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Tennessee salon and barber shop workers will now be able to do more than beautify their clients. Starting on Jan. 1, barbers and cosmetologists are now required to complete domestic violence training that will help them point clients who are dealing with intimate partner violence in the right direction.

Senate Bill 216 states:

The applicant successfully completed up to one (1) hour of online or in-person training, at no cost to the applicant, by a nonprofit anti-domestic violence organization recognized by the Tennessee Coalition to End Domestic Violence and Sexual Assault on domestic violence that focuses on how to recognize the signs of domestic violence, how to respond to these signs, and how to refer a client to resources for victims of domestic violence.

The Tennessee Department of Commerce & Insurance and the state Board of Cosmetology and Barber Examiners partnered up to ensure this bill was passed due to nearly half of all crimes in the state being domestic violence-related. In 2020, 69,385 domestic violence-related incidents were reported with 41.9 percent of the victims being African-American in Tennessee.

Thanks to this bill, over 50,000 licensed cosmetologists and barbers will now be able to aid their clients in need.

“Tennessee’s beauty professionals are caring, compassionate individuals who are committed to ensuring the health and safety of all their customers, but may not know how to respond when confronted with domestic violence,” Board Executive Director Roxana Gumucio said in a news release. “Most domestic violence victims will not report abuse to law enforcement, but they will tell someone with whom they have a long-standing relationship, such as a cosmetologist or barber. Tennessee beauty professionals have a unique position to help identify domestic violence and assist victims.”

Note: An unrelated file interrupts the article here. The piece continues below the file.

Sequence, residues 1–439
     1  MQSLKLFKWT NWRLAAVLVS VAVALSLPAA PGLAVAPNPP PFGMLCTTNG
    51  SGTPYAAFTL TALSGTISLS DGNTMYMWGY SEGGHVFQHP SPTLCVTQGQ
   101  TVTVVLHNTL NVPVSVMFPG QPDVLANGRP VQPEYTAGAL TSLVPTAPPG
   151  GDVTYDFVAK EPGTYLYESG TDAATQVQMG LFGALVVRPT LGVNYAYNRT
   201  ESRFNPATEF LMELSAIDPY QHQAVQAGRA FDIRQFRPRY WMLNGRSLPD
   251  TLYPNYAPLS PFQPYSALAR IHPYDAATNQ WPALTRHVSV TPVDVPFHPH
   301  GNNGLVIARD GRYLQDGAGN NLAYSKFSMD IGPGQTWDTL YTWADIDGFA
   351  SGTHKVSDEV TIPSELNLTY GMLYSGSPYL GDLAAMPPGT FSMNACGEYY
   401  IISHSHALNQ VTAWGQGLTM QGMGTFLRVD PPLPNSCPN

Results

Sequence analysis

This training would be beneficial to salon and barbershop workers across the country, especially in the Black community. According to the National Coalition Against Domestic Violence, “45.1% of Black women and 40.1% of Black men have experienced intimate partner physical violence, intimate partner sexual violence and/or intimate partner stalking in their lifetimes.” Research has also shown that there was an increase in intimate partner violence incidents by 8.1 percent during the COVID-19 pandemic.

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